New York -- H. Rodgin Cohen is perhaps the most important man you've never heard of in the world of international finance.
The senior chairman at the Sullivan & Cromwell law firm in New York City, Cohen -- known as Rodge -- was intimately involved in no less than 17 banking deals in the dark days of the financial collapse in 2008.
Now, a year-and-a-half year later, Cohen, 64, said he believes that if more isn't done to shore up the ailing housing market and to create more jobs, the potential for civil unrest and political turmoil is very real.
"We have a history of being very law-abiding, being governed by the rule of law," he said. "But at some point, if people become desperate enough, laws won't make any difference."
In the end, he said, all the bailout money in the world will amount to very little unless we can create the type of good-paying manufacturing jobs that made Detroit the engine of the American economy.
"In the end it is about jobs, jobs, jobs," he said. "(It) goes back to Detroit. We did borrow too much and that obscured the real problems that we had in the economy because we could keep everybody afloat and everything afloat through excessive borrowing. We ignored what was really happening at the base. We were having our industrial and manufacturing and commercial base being reduced significantly."
And the need to re-create a solid American manufacturing sector is more the reason Washington is pushing green jobs than the need to save polar ice caps.
Why listen to a man who is a shill for Wall Street bankers who were dancing on a tightrope of doom one year only to make billions of dollars in bonuses the next, thanks to trillions in taxpayer bailouts?
"He is inside the inside," said Sen. Ted Kaufman, D-Del.
Among many deals, Cohen counseled the financial behemoth Lehman Brothers on their bankruptcy that sent the markets into a tailspin in 2008. He also represented AIG in its $85 billion bailout by Washington and advised Fannie Mae on its seizure by the federal government. Besides former Treasury Secretary Henry M. Paulson Jr., current Treasury Secretary Timothy F. Geithner and Federal Reserve Chairman Ben S. Bernanke, Cohen may have played the biggest role in the bailouts.
"Every time I looked up, it seemed like Rodge was in the room," Paulson recently told the New York Times.
In fact, Cohen's name was on the short list to be No. 2 at the Treasury, but his long tentacles were seen as a political liability.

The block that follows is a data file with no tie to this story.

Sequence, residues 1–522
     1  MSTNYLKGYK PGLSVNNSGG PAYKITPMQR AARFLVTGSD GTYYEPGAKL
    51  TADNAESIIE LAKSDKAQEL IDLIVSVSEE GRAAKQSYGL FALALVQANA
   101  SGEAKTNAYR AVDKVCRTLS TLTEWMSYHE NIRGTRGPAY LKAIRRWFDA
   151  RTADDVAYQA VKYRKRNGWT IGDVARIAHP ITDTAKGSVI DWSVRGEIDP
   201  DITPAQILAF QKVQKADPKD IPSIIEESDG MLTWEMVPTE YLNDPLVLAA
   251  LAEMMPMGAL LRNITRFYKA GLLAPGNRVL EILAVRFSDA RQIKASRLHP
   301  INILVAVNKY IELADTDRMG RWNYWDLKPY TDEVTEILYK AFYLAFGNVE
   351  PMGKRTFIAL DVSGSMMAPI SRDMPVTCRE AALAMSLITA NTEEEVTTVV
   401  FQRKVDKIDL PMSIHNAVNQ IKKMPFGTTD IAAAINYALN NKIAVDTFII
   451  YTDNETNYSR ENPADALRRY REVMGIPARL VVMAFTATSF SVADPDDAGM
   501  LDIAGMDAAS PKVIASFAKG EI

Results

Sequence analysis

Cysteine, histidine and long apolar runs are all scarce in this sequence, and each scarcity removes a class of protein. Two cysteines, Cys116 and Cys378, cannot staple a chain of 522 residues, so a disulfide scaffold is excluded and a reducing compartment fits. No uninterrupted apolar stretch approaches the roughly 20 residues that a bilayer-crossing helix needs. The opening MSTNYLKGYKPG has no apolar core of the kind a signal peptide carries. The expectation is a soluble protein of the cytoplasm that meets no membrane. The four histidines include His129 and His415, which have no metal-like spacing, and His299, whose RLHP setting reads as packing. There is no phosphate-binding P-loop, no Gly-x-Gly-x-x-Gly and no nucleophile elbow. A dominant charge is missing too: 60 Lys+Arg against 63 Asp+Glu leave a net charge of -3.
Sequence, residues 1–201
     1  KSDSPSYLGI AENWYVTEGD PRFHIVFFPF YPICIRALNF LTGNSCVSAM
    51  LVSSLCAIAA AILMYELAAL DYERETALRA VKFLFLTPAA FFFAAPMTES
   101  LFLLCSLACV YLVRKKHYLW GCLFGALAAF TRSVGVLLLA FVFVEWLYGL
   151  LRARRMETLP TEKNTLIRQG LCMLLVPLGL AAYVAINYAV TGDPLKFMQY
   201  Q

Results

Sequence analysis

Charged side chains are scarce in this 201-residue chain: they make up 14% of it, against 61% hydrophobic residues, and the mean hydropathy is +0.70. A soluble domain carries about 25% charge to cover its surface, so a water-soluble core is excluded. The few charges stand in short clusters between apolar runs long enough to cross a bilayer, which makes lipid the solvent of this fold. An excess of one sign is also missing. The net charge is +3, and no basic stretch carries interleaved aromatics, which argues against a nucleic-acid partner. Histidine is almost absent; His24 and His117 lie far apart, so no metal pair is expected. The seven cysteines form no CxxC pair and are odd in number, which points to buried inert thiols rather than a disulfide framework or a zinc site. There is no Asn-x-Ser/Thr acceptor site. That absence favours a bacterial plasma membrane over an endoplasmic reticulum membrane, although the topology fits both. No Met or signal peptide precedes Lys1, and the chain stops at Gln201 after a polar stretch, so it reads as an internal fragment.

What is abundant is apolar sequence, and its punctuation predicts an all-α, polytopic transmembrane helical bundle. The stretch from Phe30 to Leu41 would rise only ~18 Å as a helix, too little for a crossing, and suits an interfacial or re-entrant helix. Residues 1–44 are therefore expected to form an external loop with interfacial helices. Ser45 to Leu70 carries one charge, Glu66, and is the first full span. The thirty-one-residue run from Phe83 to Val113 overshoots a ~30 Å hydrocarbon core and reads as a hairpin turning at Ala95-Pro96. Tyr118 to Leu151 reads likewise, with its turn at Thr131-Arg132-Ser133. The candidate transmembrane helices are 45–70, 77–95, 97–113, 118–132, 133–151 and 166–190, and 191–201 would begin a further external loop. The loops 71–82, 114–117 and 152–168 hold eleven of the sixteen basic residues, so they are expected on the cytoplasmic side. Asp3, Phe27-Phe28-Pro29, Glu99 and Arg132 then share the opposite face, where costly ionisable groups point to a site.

"He is the classic guy who is the fixer, regardless of the party in power, of the intersection of money and politics," said William K. Black, the former deputy director of the Federal Savings and Loan Corp. and author of "The Best Way to Rob a Bank is to Own One."
"In Indonesia under Suharto, you hired a relative; in the U.S., you hire Rodge. You don't have to, but he is the best and you can make some really big money."
Cohen gave an expansive hour-long interview in his Wall Street offices overlooking the Statue of Liberty just days before the Senate Banking Committee introduced a sweeping financial reform bill this week that would establish a consumer financial protection bureau within the Federal Reserve, create new rules governing the trade of derivatives and allow the government to take apart large companies on the verge of failure. The bill now goes before the full Senate and its prospects are far from a sure thing.
Kaufman argues that the proposed reforms don't go nearly far enough. Nothing short of breaking apart the big banks that Cohen helped create will prevent another cataclysm.
"I'm not running so I've got no reason not to be honest," Kaufman said. "Right now (in Washington) it's the Banks 2, the People 0. The banks have a big say about what's going on.
"We bailed them out. Now they're back in business doing the same things, taking very high risks. In Detroit, people are still losing their jobs, still losing their homes."
Cohen, who helped craft the banking deregulations in the late '90s, disagreed that the banking conglomerates have become too big to fail or that there is a need for a new regulatory body.
But what happened to get us here in the first place? Cohen said it all began with cheap American monetary policy and a flood of Chinese money looking for a return.
This allowed easy money to people with bad credit. Sketchy loans were made to people to buy houses.
Those bad mortgages were bundled with good ones and sold as investment grade bonds. Regulators -- who Cohen said did not understand the complexity of the situation -- turned a blind-eye.
What made them look so good? They were insured by places like AIG. Except AIG didn't have the money to pay when it collapsed. So who paid? The taxpayer. In full.
"The cocaine analogy is quite a good one," said Cohen, a bespectacled, understated man. "Because this stuff was addictive. A lot of people couldn't resist."
When 20 percent of the people defaulted on their subprime loans, the whole system teetered on insolvency.
"An arithmetic problem became an exponential one," Cohen said.
It ended with an American taxpayer bailout to the tune of $14 trillion in cash and guarantees. A gambit Cohen likened to a poker game.
"It was very much 'All In,' " he said. "We have not fixed it. I strongly believe that unless we get it right, we're jeopardizing ourselves and who knows how many generations to come."
In the end, Cohen echoed what many workaday Americans already know: the only way to pay off the resulting debt is through good jobs. "Manufacturing jobs," Cohen said. "But these have to be smart jobs. ... I don't at all want to denigrate muscle power, but that is something that can be done too cheaply in too many other countries."
If things are so dire, Cohen was asked, then why has the stock market rebounded so spectacularly? "I don't know," he said. "That's why I don't play the stock market."
Travels with Charlie